sensor, how much the car is actually turning in response to that

steering input.

If the car's path strays from what the driver has commanded

through the steering wheel, the front brakes are momentarily

applied to nudge the car back on course. A new semi-trailing arm

independent rear suspension that allows more wheel travel

addresses one of the most serious flaws in the old Seville: poor

ride over large displacement bumps.

Computer-controlled dampers adjust control instantly in

response to road irregularities, providing firm handling with a

comfortable ride.

The Northstar powertrain continues, pumping 300 horsepower

(275 on the SLS) to the front wheels through a

computer-controlled four-speed automatic transaxle.

Fans of BMW, MercedesBenz, Lexus and Infiniti never believe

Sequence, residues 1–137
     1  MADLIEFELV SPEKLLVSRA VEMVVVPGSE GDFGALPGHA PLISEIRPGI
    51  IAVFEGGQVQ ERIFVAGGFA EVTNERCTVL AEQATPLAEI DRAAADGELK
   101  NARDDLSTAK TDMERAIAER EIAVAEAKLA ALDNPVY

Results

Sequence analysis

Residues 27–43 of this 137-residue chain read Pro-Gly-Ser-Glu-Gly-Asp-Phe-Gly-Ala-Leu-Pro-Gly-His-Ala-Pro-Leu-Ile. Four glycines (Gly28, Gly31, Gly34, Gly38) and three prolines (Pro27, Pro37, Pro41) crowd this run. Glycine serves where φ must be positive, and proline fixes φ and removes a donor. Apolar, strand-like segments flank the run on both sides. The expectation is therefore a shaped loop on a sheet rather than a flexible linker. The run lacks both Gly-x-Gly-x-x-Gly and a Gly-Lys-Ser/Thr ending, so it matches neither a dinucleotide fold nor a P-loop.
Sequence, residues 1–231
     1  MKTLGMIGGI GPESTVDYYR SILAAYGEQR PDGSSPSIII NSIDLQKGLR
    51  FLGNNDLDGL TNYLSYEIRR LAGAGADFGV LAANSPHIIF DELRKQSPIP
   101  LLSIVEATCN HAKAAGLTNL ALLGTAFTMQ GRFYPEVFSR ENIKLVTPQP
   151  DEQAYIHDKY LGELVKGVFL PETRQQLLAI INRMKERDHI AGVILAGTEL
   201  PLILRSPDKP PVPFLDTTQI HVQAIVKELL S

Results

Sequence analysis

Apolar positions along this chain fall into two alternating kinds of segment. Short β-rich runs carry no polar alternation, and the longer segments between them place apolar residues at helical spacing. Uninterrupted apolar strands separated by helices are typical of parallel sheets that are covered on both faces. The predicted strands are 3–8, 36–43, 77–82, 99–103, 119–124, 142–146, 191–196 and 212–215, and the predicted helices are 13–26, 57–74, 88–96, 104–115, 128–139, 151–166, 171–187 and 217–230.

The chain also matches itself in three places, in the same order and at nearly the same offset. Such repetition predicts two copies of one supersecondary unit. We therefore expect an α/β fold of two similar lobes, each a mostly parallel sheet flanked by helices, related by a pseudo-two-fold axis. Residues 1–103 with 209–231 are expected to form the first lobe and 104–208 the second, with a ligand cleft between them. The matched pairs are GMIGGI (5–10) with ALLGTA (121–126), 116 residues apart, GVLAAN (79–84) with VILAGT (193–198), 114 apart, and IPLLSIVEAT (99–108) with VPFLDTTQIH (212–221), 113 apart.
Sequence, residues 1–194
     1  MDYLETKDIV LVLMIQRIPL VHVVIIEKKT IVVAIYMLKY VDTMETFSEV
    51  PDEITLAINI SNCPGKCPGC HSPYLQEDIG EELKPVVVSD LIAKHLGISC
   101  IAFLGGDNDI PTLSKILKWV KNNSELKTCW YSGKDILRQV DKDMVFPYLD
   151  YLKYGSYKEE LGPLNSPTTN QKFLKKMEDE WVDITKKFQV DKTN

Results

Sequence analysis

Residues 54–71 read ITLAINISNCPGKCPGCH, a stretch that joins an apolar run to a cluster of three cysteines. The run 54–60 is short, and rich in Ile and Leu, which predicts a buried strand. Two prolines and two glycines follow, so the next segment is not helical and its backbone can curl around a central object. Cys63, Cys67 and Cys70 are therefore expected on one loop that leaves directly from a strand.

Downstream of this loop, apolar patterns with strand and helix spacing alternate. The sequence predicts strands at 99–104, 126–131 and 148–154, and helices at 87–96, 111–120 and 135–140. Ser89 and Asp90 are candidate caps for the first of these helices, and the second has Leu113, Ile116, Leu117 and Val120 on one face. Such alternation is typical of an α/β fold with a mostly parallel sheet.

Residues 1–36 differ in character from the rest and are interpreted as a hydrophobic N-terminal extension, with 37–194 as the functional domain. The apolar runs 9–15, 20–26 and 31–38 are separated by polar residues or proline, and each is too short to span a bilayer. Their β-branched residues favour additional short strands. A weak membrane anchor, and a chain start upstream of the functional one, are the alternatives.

that this is the best powertrain in the world until they try

it for themselves.

The 32-valve 4.6-litre double-overhead-cam V8 has grunt

everywhere you want it, seamless shifts, even a neat exhaust

note when you tromp on it (although it is, sadly, more subdued

than before).

One impressive new feature on STS models is something called

"performance algorithm shifting." Once engineers installed

the StabiliTrak yaw sensor, it was no big whoop to have the

transaxle's electronic module interrogate it when shifting

gears.

If the gearbox controller senses that the Seville is in a hard

corner, when a sudden upshift might upset the car's balance, the

shift is delayed until the car straightens out. Again, this

clever system is not unique, being similar in function to

Porsche's Tiptronic.

The narrow twisting roads in the horse county west of

Arlington are so well suited to testing performance sedans that

Jaguar nearly used the same roads to show off its new XJ8 sedan.

There wasn't a Jag in Seville's comparison fleet, but Cadillac